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U.S. aviation authority FAA opens office in Mexico

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2023-01-20T17:43:12Z

MEXICO CITY/WASHINGTON (Reuters) -The U.S. Federal Aviation Administration (FAA) has opened an office in Mexico, the regulatory body said on Friday, a sign the country is looking to aid one of its top travel partners to recover a coveted safety rating after being downgraded in May 2021.

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FILE PHOTO: U.S. Ambassador to Mexico Ken Salazar holds a news conference at his home to discuss outcomes from the North American Leaders’ Summit held in Mexico City, Mexico January 11, 2023. REUTERS/Henry Romero

The downgrade to a Category 2 safety rating means that Mexican airlines have been unable to open new routes to the United States for the past year and a half and marketing agreements between carriers have been limited.

When the downgrade went into effect, then-FAA Administrator Steve Dickson told Mexico that his agency would provide technical expertise and assistance to help regain the top rating.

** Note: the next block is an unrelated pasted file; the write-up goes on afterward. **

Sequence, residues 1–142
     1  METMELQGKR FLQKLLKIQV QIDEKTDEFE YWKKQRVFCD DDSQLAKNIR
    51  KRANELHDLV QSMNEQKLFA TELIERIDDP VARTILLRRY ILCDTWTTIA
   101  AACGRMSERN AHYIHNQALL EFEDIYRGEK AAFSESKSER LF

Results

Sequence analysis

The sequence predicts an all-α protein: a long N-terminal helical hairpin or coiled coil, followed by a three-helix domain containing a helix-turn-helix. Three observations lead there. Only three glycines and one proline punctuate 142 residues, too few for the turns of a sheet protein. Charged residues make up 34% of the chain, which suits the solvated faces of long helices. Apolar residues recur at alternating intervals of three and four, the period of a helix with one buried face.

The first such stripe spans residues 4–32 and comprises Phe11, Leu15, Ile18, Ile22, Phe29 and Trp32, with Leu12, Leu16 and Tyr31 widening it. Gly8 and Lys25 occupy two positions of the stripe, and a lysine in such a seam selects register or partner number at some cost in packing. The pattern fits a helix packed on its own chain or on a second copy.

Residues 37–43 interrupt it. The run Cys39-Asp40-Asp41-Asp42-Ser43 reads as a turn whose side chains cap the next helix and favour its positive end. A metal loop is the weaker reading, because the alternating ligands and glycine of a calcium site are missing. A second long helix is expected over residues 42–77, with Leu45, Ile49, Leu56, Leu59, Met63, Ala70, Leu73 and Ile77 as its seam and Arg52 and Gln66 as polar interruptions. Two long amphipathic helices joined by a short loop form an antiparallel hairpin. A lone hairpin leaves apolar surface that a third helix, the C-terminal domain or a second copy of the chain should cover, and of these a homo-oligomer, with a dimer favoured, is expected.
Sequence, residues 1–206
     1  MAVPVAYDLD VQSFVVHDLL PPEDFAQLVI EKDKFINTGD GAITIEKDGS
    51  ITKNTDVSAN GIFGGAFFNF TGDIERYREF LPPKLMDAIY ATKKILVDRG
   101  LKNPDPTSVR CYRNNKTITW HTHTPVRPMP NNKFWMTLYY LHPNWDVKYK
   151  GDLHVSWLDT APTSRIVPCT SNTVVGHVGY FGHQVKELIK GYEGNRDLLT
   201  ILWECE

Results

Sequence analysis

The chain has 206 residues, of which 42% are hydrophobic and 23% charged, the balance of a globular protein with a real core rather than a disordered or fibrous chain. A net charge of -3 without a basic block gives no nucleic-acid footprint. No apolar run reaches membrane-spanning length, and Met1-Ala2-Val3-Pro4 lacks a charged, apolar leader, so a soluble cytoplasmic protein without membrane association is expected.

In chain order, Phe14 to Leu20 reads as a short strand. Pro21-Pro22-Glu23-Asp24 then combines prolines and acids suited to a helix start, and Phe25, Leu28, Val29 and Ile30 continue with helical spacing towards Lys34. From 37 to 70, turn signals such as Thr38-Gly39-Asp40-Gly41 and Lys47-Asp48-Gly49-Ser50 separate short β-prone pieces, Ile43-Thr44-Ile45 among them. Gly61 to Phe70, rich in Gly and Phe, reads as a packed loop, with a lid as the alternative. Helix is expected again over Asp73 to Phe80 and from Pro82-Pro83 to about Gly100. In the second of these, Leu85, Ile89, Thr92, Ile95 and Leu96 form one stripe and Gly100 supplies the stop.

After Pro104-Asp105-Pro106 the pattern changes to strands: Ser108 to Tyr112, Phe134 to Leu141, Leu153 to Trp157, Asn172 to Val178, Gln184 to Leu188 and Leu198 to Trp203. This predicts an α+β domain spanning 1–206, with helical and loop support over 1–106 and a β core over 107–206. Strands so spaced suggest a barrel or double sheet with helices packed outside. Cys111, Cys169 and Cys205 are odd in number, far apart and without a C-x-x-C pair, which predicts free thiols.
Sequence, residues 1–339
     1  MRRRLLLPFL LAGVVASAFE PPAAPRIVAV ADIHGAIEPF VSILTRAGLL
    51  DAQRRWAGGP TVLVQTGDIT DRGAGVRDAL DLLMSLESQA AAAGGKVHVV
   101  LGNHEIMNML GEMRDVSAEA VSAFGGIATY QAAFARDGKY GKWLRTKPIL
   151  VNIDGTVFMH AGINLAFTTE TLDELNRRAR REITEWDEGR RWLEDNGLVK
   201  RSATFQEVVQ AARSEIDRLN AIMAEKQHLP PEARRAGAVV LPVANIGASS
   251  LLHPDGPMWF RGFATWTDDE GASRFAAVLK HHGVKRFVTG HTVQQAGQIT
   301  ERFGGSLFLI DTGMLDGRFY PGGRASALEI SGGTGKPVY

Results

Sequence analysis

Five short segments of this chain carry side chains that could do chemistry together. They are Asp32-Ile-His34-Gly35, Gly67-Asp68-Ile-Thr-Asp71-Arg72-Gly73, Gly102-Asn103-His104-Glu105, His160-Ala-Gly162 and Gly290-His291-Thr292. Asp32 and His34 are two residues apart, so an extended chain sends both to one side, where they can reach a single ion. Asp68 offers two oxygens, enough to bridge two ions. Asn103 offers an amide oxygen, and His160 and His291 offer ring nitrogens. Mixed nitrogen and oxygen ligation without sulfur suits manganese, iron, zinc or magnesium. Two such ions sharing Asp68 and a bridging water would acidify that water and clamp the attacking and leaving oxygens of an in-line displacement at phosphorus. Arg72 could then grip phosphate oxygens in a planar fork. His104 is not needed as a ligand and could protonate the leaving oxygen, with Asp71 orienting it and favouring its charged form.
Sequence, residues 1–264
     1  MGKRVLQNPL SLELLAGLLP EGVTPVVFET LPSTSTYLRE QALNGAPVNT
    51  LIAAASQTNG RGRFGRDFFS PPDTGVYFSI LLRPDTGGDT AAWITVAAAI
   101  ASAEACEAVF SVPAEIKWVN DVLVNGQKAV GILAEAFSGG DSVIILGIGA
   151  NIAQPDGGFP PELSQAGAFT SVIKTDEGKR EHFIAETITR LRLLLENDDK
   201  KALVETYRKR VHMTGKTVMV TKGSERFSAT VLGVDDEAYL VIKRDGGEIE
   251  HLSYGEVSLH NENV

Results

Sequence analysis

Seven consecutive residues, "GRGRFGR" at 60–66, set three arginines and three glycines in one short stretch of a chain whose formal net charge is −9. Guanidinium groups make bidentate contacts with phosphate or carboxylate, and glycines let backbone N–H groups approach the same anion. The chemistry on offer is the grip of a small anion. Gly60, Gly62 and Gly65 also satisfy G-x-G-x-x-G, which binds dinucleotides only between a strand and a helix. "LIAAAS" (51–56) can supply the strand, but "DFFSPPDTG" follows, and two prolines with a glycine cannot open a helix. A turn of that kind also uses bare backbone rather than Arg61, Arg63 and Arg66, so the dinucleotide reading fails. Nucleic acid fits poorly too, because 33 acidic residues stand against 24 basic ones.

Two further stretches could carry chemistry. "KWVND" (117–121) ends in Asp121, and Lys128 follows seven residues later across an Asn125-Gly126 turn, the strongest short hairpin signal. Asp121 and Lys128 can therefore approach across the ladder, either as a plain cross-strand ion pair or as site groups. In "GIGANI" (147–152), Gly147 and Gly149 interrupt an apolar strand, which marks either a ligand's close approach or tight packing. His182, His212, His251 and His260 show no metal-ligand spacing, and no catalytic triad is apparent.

“The agency has sent a team of experts nearly a dozen times since then,” the FAA told Reuters on Friday, adding that the new international office “will allow the FAA to keep an eye on operations as travel to Mexico and Latin America from the U.S. continues to increase.”

U.S. Ambassador to Mexico Ken Salazar first announced the news, saying the office had been opened “to strengthen cooperation between authorities and the private sector.”

Mexico’s transportation ministry in recent months has outlined a series of proposals to recover the Category 1 rating, requesting changes to regulations, budgets and international compliance in personnel licensing, aircraft operations and airworthiness of aircraft.

“While respecting Mexico’s sovereignty, we believe the implementation of the FAA’s recommendations via legislative channels will help our ties in the aviation sector bear more fruit for both countries and help us to be more competitive,” Salazar said in a statement.

A reform to Mexico’s aviation law has been sent to the country’s Congress, which is not currently in session.

The reform sent by President Andres Manuel Lopez Obrador’s administration would allow “cabotage,” a controversial practice permitting international airlines to operate domestic routes.

Mexican aviation groups have denounced the reform, although they acknowledge that changes must be made for Mexico to recover its Category 1 status.

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